The Corporate Sustainability Due Diligence Directive was approved by the EU Parliament on April 24, after which it will go for final approval by the EU Council to then be published in the Official Journal of the EU and enter into force. Once adopted, this will create a legal obligation for companies relating to environmental and human rights due diligence within their supply chain.

In order to secure agreement from EU Member States, the Directive underwent significant changes from what was initially proposed. It will also be phased in over a longer period, ranging from 3 years for companies with 5,000 employees and EUR 1,500 million turnover to 5 years for companies with 1,000 employees and EUR 450 million turnover.

It’s estimated that these changes will reduce the number of affected companies by 30% from the initial proposal, equating to around .05% of the total number of businesses operating in the EU.

In addition, the phase-in of companies that fall outside the scope of the Directive but operate in high-risk sectors has been removed.



How does the CSDDD relate to other legislation?

The expected adoption of the CSDDD reflects a heightened emphasis around issues of sustainability and the environment. A growing awareness of the role businesses play in enabling a healthy, fair society has led to a series of regulations introduced across the world.

In the European Union, the CSDDD complements the recently updated EU Directive on product labelling and sustainability, which addresses the use of misleading environmental claims and ‘greenwashing’.

The CSDDD also supports the drive for eco-friendly products and brands, covered in the EU by regulations such as the Green Claims Directive and the Ecodesign for Sustainable Products Regulation, currently under review.

The CSDDD shares some common objectives with the New York Fashion Act in the United States. This legislation, proposed in 2022 and currently under consideration in the New York legislature, requires fashion retail sellers and manufacturers to disclose their environmental and social due diligence policies and the impacts of their supply chains.


Visibility, transparency, and traceability in supply chains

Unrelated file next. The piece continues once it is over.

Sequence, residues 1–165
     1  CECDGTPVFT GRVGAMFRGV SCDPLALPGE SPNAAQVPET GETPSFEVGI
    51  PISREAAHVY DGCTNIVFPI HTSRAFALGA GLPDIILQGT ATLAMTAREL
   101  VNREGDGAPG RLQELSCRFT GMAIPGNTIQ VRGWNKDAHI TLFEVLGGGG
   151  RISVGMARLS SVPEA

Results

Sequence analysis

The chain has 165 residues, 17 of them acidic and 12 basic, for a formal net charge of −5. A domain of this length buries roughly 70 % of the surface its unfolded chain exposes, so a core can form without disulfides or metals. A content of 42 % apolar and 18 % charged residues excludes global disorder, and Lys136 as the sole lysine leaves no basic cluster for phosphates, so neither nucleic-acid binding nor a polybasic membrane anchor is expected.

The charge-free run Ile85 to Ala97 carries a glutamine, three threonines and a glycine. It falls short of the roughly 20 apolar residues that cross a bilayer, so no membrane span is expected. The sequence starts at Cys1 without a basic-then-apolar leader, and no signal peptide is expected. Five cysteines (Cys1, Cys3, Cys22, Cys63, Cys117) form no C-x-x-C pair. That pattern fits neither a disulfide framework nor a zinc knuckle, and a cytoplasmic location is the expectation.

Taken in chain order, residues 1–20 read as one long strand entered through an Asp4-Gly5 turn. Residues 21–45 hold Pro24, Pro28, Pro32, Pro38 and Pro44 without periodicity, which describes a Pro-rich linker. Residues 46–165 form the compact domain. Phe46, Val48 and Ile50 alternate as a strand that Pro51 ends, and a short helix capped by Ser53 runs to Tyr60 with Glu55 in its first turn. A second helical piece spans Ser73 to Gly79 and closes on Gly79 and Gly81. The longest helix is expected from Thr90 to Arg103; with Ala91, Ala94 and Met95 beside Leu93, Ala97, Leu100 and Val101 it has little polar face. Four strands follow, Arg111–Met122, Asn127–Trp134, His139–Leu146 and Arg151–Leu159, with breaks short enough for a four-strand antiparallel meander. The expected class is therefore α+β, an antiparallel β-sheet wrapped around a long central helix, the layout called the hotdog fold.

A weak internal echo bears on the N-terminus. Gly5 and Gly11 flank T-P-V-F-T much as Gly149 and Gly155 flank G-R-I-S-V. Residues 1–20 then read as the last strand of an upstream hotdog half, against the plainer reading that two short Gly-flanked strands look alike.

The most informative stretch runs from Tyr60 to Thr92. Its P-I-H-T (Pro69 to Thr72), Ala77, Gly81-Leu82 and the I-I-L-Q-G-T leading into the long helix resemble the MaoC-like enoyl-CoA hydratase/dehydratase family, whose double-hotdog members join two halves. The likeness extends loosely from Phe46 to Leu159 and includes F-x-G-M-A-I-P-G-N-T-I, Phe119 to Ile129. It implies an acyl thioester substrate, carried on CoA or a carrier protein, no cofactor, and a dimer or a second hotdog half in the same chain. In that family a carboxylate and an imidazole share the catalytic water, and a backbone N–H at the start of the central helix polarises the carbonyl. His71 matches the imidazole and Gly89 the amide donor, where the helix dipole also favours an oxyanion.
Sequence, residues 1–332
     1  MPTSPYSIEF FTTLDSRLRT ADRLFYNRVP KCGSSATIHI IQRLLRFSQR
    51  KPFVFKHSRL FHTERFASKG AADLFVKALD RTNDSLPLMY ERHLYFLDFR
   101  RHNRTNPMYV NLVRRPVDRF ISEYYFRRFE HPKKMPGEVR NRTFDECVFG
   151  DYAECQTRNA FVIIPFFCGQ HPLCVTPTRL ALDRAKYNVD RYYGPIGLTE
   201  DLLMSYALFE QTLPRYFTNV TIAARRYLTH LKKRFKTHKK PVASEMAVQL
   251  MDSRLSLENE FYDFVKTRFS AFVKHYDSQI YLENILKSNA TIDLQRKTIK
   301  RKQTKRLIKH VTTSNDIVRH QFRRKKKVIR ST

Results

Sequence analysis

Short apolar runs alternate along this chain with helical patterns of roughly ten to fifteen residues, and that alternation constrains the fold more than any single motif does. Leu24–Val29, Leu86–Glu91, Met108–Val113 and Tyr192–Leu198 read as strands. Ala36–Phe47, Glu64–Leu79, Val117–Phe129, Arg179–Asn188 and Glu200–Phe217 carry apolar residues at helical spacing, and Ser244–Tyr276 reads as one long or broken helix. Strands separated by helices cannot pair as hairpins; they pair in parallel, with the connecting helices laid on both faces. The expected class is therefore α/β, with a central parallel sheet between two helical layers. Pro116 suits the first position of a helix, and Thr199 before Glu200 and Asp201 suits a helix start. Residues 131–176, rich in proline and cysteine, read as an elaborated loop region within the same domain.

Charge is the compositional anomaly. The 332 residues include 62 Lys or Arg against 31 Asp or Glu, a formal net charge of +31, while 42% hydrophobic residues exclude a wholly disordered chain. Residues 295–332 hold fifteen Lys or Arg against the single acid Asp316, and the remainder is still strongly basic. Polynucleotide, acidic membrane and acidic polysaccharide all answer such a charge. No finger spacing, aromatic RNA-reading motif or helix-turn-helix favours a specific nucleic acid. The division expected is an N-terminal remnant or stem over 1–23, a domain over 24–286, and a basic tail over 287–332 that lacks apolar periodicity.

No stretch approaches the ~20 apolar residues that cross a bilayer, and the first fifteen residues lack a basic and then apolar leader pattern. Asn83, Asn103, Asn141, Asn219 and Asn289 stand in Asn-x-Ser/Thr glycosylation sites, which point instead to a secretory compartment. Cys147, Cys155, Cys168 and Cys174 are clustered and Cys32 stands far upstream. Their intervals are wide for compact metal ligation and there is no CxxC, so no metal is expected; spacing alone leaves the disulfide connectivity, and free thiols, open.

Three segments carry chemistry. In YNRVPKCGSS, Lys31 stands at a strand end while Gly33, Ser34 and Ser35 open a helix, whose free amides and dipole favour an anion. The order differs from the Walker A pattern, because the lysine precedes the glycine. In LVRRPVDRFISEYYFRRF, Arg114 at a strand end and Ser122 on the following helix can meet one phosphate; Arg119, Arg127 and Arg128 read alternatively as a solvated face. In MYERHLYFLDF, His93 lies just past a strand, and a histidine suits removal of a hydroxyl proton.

When the CSDDD enters into law, businesses will need to prove their sustainability credentials. They must have oversight of their entire operations, and those of their supply chain partners, to identify and manage any potential negative impact on the environment or human rights.

Simply put, ignorance is no defence, and verbal assurances won’t achieve compliance.

Traceability programs, like Oritain’s forensic scientific analysis, can audit products at multiple stages of manufacture and sale, to ensure they aren’t associated with practices such as deforestation or forced labour. This testing helps businesses prove the legitimacy of their supply chains and the integrity of their products.

Scientific traceability is a reliable, trusted tool for business leadership to prove compliance with the CSDDD and other such regulations.

To learn more about how Oritain helps organizations prove product origin and improve their sustainability performance, contact us to speak with one of our team.

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Disclaimer: The information provided in this document does not and is not intended to constitute legal advice. Instead, all information presented here is for general informational purposes only. Counsel should be consulted with respect to any particular legal situation.

michela mossali

Michela Mossali

Michela Mossali is Government Relations Manager at Oritain. Based in Milan, Italy, Michela supports the company’s communication, advocacy, and governance activities concerning governmental policy, with a focus on EU regulations.